PeterO
Discoverer of the PI2 XENON DEATH FLASH!
Interests: C,Python,PIC,Electronics,Ham Radio (G0DZB),1960s British Computers.
"The primary requirement (as we've always seen in your examples) is that the code is readable. " Dougie Lawson

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AndrewS
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Re: Two Pi Toys

Sun Jul 27, 2014 12:12 am

Pretty. Now you just need to add http://www.raspberrypi.org/amys-game-of-life/ ;)

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PeterO
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Re: Two Pi Toys

Sun Jul 27, 2014 7:20 am

AndrewS wrote:Pretty. Now you just need to add http://www.raspberrypi.org/amys-game-of-life/ ;)
Way ahead of you on that one :-) But 32x32 is not big enough to do anything really interesting...

PeterO
Discoverer of the PI2 XENON DEATH FLASH!
Interests: C,Python,PIC,Electronics,Ham Radio (G0DZB),1960s British Computers.
"The primary requirement (as we've always seen in your examples) is that the code is readable. " Dougie Lawson

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AndrewS
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Re: Two Pi Toys

Sun Jul 27, 2014 12:46 pm

LOL, you always end up wanting more LEDs... ;)

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PeterO
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Re: Two Pi Toys

Sun Jul 27, 2014 2:55 pm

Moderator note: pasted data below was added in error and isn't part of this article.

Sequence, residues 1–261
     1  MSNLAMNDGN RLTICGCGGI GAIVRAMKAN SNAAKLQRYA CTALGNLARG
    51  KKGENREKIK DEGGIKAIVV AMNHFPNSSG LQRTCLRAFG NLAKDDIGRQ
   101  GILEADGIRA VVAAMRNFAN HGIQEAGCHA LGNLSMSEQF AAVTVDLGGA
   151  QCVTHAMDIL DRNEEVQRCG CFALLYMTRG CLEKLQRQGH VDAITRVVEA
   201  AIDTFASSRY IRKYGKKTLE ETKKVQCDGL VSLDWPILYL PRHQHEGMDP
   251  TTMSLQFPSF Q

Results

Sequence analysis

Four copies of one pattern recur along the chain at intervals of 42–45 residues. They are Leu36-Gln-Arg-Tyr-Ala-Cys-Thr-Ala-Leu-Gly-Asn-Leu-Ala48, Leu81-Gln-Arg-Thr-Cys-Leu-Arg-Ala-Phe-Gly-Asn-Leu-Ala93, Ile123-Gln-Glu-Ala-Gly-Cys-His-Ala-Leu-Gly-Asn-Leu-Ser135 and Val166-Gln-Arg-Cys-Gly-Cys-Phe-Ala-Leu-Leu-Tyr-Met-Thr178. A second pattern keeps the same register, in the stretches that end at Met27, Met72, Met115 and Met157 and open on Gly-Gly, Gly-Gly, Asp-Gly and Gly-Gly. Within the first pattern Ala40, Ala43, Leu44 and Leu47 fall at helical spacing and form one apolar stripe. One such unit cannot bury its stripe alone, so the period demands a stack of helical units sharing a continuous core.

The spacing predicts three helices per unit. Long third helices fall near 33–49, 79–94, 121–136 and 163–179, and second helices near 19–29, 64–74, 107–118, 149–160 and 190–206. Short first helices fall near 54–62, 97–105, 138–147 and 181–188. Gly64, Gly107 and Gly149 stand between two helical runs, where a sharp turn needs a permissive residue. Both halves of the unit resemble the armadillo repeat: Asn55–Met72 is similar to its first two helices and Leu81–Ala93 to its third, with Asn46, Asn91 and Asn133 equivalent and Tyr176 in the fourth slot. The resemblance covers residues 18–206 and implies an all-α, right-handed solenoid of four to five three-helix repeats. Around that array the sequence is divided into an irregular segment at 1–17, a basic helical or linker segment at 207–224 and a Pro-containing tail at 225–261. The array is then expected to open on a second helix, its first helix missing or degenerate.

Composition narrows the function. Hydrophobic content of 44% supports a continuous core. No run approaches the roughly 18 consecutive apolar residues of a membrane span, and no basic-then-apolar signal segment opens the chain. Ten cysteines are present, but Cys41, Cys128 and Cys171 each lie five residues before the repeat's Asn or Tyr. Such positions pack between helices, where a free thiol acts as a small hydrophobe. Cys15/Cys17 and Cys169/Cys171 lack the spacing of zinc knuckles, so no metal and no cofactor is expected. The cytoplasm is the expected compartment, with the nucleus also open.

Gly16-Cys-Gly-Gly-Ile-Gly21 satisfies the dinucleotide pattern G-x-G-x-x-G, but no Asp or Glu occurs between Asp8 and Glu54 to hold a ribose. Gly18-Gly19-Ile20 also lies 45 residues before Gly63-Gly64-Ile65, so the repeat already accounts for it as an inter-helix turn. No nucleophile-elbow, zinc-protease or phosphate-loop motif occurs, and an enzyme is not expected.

AndrewS wrote:LOL, you always end up wanting more LEDs... ;)
Too many is never enough !
Anyway I now have a small C program (~300 lines) that has a display driver thread in it, and simple set/clear pixel functions.
It does not do any PWM to give varying intensities so pixels are only 8 colours Black,Red,Green.Blue,Cyan,Magenta,Yellow,White.
The display thread is taking ~9% CPU time, so plenty left for some game logic in the main thread :-)

PeterO
Discoverer of the PI2 XENON DEATH FLASH!
Interests: C,Python,PIC,Electronics,Ham Radio (G0DZB),1960s British Computers.
"The primary requirement (as we've always seen in your examples) is that the code is readable. " Dougie Lawson

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Burngate
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Re: Two Pi Toys

Sun Jul 27, 2014 4:54 pm

For what it's worth, I've done something similar-ish for Adafruit's 32x16 panel, which seems to be a half-size version of SK Pang's 32x32 panel, using RISC OS.
I managed to get a full 8-bit-per-colour (so 24 bits per pixel) PWM working, which pleased me no end. And using RISC OS's spritefile meant that I could cycle round a set of images quite quickly.

The first (actually more like the 3149th) version had a problem which showed up as a ghost image one line up from the real one, which appeared to be caused by the addressing hardware not changing quickly enough.
The next version (second? or maybe 3150th) cured that by making sure there was a black display line as the first after an address-change. What it meant, though, was that I had to go through each display line 256 times before moving on to the next. What surprised me was that there appeared to be no frame-rate flickering - so it was going faster than 25Hz or so.

There were two drawbacks to it, though.
It's just a non-wimp program, so nothing else can run at the same time. Also, it's running full-tilt - cpu at 100%